“Listening is not simply a key discipleship issue. It is a core leadership issue.”
The fruit of a mature spirituality is to be an incarnational presence to other people. It was for Jesus. It is, I believe, for all his followers, especially for those of us in leadership.
The Gospels are filled with accounts of Jesus’ interactions with individuals: Matthew, Nathaniel, a prostitute, Nicodemus, a blind man, a Samaritan woman and many others. When the rich, young ruler came up to him, Jesus “looked at him and loved him.” He listened. He was present, never in a rush or distracted. He took the time to explore stories.
When is the last time someone said to you, “Let me tell you about those Christians—they are fantastic listeners! I have never seen a group of people more sincerely interested to know my world, who are curious, who ask questions, who actually listen to me!”
Listening is not simply a key discipleship issue. It is a core leadership issue. Give yourself this little listening test. Circle all the statements you can affirm.
- My close friends would describe me as a responsive listener.
- When people are upset with me, I am able to listen to them without being defensive.
- I listen not only to the words people say but also to the feelings behind their words and their body language.
- I have little interest in judging other people or quickly giving my opinion to them.
- I am able to validate another person’s feelings with empathy.
- I am aware of my defensive mechanisms in stressful conversations (e.g., appeasing, ignoring, blaming, distracting).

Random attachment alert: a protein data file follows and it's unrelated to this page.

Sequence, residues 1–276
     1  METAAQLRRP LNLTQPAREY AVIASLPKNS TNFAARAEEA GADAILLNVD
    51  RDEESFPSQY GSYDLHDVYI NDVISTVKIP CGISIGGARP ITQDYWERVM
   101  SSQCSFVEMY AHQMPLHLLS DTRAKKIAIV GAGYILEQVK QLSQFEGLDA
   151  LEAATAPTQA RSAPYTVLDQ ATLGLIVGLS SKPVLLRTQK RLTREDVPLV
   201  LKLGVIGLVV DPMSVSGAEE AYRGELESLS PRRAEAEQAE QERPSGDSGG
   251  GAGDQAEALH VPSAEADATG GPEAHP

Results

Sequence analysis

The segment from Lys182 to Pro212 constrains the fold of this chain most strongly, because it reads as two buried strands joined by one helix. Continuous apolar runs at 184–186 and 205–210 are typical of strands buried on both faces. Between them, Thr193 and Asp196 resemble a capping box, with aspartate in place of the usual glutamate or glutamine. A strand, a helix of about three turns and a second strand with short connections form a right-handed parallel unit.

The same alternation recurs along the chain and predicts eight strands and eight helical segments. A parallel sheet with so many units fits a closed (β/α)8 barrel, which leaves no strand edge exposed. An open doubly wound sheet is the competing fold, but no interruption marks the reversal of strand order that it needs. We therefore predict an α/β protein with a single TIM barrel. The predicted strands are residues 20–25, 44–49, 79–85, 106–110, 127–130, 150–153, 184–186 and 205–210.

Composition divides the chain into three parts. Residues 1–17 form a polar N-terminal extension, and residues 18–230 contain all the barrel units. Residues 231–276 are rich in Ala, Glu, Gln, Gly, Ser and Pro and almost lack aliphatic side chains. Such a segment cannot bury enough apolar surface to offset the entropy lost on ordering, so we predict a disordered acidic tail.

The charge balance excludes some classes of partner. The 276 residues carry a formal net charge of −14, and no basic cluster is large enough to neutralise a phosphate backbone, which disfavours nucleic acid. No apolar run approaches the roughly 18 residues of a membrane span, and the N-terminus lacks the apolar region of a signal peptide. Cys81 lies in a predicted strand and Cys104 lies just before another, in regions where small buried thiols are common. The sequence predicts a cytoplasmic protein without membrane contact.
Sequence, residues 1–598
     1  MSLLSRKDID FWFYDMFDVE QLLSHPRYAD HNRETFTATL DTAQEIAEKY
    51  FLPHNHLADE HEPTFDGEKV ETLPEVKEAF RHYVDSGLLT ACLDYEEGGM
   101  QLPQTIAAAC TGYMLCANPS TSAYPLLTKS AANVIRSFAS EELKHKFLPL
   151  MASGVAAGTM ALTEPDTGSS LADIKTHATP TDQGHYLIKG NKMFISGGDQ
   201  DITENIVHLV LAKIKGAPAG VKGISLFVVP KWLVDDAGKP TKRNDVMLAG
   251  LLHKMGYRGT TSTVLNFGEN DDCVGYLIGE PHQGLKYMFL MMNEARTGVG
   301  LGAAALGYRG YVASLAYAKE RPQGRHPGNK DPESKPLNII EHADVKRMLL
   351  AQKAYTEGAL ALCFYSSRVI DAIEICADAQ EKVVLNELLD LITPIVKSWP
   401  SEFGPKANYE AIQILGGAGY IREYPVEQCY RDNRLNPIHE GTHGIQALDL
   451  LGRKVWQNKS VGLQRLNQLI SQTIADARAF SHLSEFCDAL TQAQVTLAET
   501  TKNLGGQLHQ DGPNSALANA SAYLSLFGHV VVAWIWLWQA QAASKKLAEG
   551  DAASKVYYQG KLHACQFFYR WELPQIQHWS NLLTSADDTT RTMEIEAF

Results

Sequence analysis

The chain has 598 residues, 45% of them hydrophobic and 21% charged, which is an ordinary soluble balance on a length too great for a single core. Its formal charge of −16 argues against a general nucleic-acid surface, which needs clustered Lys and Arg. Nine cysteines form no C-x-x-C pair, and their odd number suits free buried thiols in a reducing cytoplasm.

- I am profoundly aware of how the family I was raised in has shaped my present listening style.
- I ask for clarification when listening rather than “fill in the blanks” or make assumptions.
- I don’t interrupt to get my point across when another person is speaking.
- I give people my undivided attention when they are talking to me.
If you circled eight to 10 statements, you are an outstanding listener. If you circled six or seven, you are very good; four or five, good; three or fewer, poor—“you are in trouble.” If you want to be really brave, after you score yourself, ask your spouse or someone close to you to rate you as a listener. You may be surprised.
Pete Scazzero is the founder of New Life Fellowship Church in Queens, New York, and the author of two best-selling books: Emotionally Healthy Spirituality and The Emotionally Healthy Church. This story was originally posted on Scazzero’s blog at EmotionallyHealthy.org.